Chapter XVII The pilgrim examines the religious profession
Thereupon they led me through some passages from which we emerged upon a square full of churches and chapels of different architectures. Multitudes kept going in and out of them. We stepped into the nearest and lo! there were pictures and statues of men and women on all sides, as well as of all kinds of animals, birds, reptiles, tress, and plants; likewise of the sun, the moon, the stars, and of many ugly demons. Each of those entering this place chose whatever pleased him best and kneeling before it, kissed it, burning incense or a sacrifice before it. I was amazed at the concord among them, for in spite of the ritual differences, they tolerated them all, and peacefully allowed everyone to keep his own opinion (a practice I have not since seen elsewhere); being assailed by an overpowering stench, I was seized with terror; so I soon hastened out.
2 We then entered another temple, white and clean, containing nothing but living images; these, wagging their heads, mumbled something in a low voice; or arising and stopping up their ears, they opened their mouths wide and gave out sounds not unlike those of howling wolves. Talmudi figmenta*. Then they gathered themselves together to examine certain books; approaching closer, I saw in them bizarre illustrations. For instance, feathered and winged beasts and wingless birds; beasts with human and men with beastlike limbs; one body with many heads and one head with many bodies; some of these monsters had a head in place of the tail and a tail in place of the head; some had eyes on the belly and feet on their backs: some had ears, mouths, and feet without number, while others had none. Everything was strangely transposed, twisted, inverted, and perverted, as well as greatly out of proportion: one limb was a foot long, another a rod in length; one was a finger’s width, another a barrel’s; in a word, all was monstrous beyond belief. But they, claiming all this to be historically correct, praised it as excellent, and the older exhibited it to the young as a mystery.
“Who would have imagined that there would exist folk who actually relish such unappetizing things,” I remarked.
“Let us go elsewhere, leaving them alone.” We went out, and I noticed these people mingling with the rest; however, they were disliked by all others and were the target of their jests and pranks. This inclined me to disdain them.
3 We then entered another temple, which was round, and although not inferior in beauty to the former, was without any ornaments; save some lettering on the walls and carpets on the floor. The worshippers, all clad in white, behaved quietly and reverently, they were great lovers of cleanliness and were constantly performing ablutions, and distributing alms, so on account of their external appearance I began to feel favorably inclined toward them.
“What is the foundation of their belief?” I inquired.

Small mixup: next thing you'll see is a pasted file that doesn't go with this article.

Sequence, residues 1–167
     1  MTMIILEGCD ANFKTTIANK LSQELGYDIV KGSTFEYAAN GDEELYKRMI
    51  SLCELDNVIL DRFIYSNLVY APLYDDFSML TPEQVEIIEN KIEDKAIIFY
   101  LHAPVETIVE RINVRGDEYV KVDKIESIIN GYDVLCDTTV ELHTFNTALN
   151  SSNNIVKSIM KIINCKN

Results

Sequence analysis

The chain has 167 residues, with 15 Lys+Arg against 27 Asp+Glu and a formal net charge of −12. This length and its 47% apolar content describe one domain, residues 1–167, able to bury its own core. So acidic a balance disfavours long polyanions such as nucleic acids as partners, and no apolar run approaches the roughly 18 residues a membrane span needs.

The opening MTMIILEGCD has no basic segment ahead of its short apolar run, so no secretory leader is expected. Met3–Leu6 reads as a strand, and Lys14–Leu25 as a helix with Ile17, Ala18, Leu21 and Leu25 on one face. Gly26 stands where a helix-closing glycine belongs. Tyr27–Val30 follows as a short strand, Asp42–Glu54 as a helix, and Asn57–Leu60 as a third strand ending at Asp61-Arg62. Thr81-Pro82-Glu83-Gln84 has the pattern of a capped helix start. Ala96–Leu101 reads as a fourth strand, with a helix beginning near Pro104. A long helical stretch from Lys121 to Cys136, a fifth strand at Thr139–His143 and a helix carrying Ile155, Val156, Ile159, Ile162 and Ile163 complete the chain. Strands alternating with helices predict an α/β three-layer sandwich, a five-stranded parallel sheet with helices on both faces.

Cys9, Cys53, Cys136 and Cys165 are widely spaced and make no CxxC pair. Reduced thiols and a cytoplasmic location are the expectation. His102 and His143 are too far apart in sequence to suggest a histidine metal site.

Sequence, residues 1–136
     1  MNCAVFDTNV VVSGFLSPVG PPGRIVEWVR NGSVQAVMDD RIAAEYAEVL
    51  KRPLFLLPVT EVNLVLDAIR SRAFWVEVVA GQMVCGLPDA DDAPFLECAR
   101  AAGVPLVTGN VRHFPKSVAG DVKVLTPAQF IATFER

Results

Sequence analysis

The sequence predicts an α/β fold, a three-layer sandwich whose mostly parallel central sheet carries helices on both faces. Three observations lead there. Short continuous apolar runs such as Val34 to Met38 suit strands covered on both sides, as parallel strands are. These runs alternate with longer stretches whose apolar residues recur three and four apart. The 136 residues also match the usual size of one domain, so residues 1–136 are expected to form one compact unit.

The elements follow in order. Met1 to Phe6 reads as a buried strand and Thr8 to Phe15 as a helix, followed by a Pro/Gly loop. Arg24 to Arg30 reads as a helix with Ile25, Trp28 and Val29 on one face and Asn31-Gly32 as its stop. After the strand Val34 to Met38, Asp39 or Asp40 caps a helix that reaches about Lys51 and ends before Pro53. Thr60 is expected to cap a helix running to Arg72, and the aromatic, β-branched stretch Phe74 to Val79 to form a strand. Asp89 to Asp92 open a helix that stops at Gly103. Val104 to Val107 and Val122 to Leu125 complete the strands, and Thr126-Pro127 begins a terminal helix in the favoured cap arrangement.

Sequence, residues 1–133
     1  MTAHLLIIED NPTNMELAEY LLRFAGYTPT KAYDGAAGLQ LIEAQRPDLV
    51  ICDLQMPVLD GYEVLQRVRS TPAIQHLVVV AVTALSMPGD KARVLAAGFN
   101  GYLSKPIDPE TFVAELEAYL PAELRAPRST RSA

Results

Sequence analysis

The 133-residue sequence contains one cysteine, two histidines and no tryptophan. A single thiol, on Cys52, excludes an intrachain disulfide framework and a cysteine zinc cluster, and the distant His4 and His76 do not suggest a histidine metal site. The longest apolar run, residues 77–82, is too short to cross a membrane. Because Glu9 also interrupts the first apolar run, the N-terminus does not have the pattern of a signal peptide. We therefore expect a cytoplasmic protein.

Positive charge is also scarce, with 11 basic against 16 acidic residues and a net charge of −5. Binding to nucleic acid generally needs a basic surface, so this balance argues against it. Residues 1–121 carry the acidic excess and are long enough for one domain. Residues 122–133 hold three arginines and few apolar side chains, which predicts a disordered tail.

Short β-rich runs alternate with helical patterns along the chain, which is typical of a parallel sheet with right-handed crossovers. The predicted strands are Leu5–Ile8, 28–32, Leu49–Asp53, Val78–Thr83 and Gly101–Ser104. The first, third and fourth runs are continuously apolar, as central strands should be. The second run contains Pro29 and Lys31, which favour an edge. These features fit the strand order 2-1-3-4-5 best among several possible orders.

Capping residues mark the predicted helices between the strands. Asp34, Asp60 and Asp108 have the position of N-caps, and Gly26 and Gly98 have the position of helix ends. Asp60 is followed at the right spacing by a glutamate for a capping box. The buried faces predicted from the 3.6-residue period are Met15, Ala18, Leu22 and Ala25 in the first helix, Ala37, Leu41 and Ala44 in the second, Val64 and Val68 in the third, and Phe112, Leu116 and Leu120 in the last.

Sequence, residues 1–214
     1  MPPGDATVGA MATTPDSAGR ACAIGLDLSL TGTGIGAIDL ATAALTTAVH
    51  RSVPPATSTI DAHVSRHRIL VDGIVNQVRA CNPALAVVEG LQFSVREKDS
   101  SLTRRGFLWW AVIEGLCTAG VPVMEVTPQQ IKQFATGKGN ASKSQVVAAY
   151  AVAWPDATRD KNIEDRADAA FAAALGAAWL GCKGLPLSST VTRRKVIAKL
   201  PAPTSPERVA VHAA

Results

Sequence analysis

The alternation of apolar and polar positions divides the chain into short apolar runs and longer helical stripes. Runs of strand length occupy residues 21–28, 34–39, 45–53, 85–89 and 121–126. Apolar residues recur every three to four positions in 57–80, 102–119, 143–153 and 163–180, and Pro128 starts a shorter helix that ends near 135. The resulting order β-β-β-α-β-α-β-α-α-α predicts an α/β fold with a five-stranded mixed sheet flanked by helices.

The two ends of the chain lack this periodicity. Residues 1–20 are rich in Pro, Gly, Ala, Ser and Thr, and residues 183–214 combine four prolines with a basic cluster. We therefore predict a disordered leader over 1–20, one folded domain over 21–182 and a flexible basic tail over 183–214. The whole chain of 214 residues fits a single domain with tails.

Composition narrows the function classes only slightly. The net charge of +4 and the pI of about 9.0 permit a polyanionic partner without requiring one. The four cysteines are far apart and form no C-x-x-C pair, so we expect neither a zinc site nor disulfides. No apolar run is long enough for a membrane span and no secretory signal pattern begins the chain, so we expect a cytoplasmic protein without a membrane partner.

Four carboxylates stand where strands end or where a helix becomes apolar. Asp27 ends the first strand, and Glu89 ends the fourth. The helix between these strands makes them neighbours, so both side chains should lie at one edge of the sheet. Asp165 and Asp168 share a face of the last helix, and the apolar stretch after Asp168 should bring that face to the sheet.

“They carry it hidden under their robes,” Mr. Searchall answered. I approached closer and begged to see it. But they replied that it was not proper for anyone but their interpreters to examine it. I persisted in my request, adducing the permission of the Lord Fate in my behalf.
A summary of the Koran
4 Finally they took out and showed me a chart upon which a tree was depicted with its roots up in the air and its branches stuck in the ground; many moles, supervised by a large mole who was running about, calling the others and assigning them their several tasks, were busy digging around this tree. They told me that the branches of the tree underground bore all kinds of delicious fruit which the silent and industrious little creatures brought to light.
“And that is,” explained Mr. Searchall,
“the sum of their religion.” I understood therefrom that its foundation rests upon the wind of supposition and its goal and fruit consist in burrowing in the ground and rejoicing over invisible delights which do not exist, and seeking blindly they know not what.
Muhammedanism is founded on force
5 Leaving the place, I remarked to my guide:
“How do they prove that this really is a reliable and true foundation of religion?” —
“Come and see!” he replied. We passed behind the temple into a square where we saw those white-clad and well-washed folk rolling up their sleeves and with fire in their eyes, biting their lips and roaring terribly, rushing about and putting to the sword anyone whom they encountered as they waded in human blood. I was terrified and ran back, exclaiming:
“What are they doing?” —
“They are disputing about religion and proving that the Koran is true,” they answered me
Persians and Turks quarrel about the Koran
6 We re-entered the temple and there witnesses a controversy among those who carried the chart concerning, as I understood, the chief mole. One party claimed that he alone was directing those smaller moles, while the other party contended that he had two helpers. This question involved them in such an interminable struggle that in the end they fought with sword and fire both among themselves and with those outside, until it was terrible to behold.